Offensive balance an effect of winning, not a cause for Dallas
At Dallas News, I explored the ever-interesting (to me) topic of run-pass balance.
In Rick Gosselin’s latest article, he compares Tony Romo and the Cowboys to Dan Marino and the Dolphins, citing both teams’ lack of offensive balance as the reason for their absence of Super Bowl victories. The Dolphins actually reached the Super Bowl and AFC Championship, but to this day, Marino is known as the quarterback who “couldn’t win it all.”
While there might be similarities between Romo and Marino in terms of playing style, do the Cowboys really need to steer clear of a pass-heavy attack if they want Romo to lead them to a championship? I don’t think so, and this is the perfect opportunity to again clear up the confusion between offensive balance leading to wins versus winning leading to balance.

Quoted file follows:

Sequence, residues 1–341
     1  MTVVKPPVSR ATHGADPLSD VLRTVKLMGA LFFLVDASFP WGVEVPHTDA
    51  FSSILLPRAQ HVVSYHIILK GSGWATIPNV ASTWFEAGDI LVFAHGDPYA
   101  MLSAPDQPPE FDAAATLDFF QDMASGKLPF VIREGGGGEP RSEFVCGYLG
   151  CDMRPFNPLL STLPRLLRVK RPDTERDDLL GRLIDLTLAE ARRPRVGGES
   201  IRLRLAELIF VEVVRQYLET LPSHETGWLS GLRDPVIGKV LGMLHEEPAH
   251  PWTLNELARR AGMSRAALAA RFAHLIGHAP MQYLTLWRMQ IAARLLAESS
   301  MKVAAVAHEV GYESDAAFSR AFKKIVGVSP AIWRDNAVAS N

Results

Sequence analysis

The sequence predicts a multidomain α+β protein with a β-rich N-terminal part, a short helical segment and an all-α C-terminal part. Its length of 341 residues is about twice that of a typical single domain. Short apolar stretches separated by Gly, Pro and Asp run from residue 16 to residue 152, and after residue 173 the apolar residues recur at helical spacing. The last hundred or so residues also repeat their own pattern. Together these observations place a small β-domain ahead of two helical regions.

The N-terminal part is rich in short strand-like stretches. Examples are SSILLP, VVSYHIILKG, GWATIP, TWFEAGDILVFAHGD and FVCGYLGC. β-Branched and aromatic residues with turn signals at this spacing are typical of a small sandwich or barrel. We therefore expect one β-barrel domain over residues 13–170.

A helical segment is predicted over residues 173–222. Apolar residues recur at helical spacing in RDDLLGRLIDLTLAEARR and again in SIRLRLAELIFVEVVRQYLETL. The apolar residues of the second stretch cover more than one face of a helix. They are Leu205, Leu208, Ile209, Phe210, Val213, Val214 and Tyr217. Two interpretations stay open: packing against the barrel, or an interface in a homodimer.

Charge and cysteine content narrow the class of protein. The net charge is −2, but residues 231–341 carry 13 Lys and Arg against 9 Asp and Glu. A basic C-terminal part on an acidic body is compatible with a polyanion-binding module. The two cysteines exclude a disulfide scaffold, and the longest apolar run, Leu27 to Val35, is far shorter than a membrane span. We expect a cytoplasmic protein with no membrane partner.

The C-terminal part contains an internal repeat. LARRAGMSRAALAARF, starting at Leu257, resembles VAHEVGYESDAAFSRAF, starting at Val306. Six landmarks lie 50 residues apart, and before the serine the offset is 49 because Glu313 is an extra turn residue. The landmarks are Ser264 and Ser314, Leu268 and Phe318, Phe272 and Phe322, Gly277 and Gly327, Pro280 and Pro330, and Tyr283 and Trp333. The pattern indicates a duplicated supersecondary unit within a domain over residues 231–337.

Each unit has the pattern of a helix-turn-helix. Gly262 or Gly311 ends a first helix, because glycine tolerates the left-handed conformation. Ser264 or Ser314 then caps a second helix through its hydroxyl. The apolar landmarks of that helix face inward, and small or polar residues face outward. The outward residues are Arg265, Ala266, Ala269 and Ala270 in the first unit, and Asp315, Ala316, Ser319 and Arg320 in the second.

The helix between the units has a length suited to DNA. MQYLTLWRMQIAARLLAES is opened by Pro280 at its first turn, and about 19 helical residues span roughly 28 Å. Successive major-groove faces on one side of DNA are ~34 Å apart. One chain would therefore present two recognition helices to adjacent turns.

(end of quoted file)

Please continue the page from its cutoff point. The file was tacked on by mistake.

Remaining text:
There are a million stats that show that offensive balance and winning are correlated. “Team X is 25-1 when they rush the ball at least 30 times and they’re 2-15 when their quarterback attempts over 40 passes.” Cool, we’d never expect anything different since winning teams tend to run the ball to close out games. The balance—or the illusion of it—is a result of already winning, not a cause of it.
So maybe it’s time to stop viewing final box scores when we talk about the run-pass balance. We know those numbers are skewed since winning teams run the ball late in games and losing teams are forced to throw. So what if we take a look at the run-pass balance only through three quarters?
Here’s the whole article.